Writing a blog post is different from writing a magazine article. The online reader has a short attention span. On average, you have a maximum of 8 seconds to capture their interest with your introduction. And once you have your reader’s attention, it can be a challenge to keep it.

Online readers skim for information. They HATE big, solid blocks of text.

Think about the way that you read blog posts. Do you read the whole post, or do you skip to the bits of information that you’re looking for? Chances are, most readers will only read the bits that interest them/answer their questions.

So, how do you make that an easy task?

  • Introduce each sub-topic with a subhead.

  • Keep paragraphs short and tight.

  • Make sentences easy to read.

    • No more than 25 words per sentence. Shorter is better.

    • Vary sentence length within a paragraph. It makes reading more interesting.

    • Avoid complex words and sentence structure.

  • Use active tense (Peter wrote the blog post). It’s far more engaging than past tense (the blog post was written by Peter).

  • Use bullet points to convey lists and main points – imagine if the bullet-pointed sections of this blog post were paragraphs. They’d be hard to digest.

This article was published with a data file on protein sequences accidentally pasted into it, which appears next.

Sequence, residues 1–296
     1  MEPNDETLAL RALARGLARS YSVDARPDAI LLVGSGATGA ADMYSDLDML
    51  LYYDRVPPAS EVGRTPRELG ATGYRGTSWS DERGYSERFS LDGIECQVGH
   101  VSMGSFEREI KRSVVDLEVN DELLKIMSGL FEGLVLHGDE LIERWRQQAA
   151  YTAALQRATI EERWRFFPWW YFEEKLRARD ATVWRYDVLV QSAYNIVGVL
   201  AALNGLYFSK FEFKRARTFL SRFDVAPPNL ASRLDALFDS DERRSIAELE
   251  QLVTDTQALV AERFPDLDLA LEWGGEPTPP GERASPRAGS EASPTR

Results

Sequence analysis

• Illustrate points with images, infographics and diagrams.

  • Use plenty of white space so that the post doesn’t feel cluttered.

  • Use easy to read fonts. Aerial, Verdana and Georgia are safe bets.


Checking for grammar, spelling, structure and style

There’s always room for improvement when it comes to writing. Luckily there are some fantastic free online tools that can help you to refine your post and that working title that you wrote earlier.

Check out The Best Free Writing Tools for Your Business, where we recommend using the following apps:

  • Headline Analyzer by CoSchedule

  • Hemmingway Editor

  • Grammarly

  • Cliché Finder

  • Microsoft Word’s Read Aloud

  • A human editor (!)

As a minimum, we suggest using:

  • Hemmingway Editor and Grammarly to correct any glaring style, spelling and grammar issues.

  • Headline Analyzer to sharpen up your title.

STEP 4: Optimise for search engines

You’ve reached the home run now. Just the search engines left to satisfy. But satisfy them, you must. A blog post that isn’t optimised is an opportunity wasted. In the long-term, well-crafted blog posts that have been optimised for low competition, high volume search terms will help you to rank in Google et al.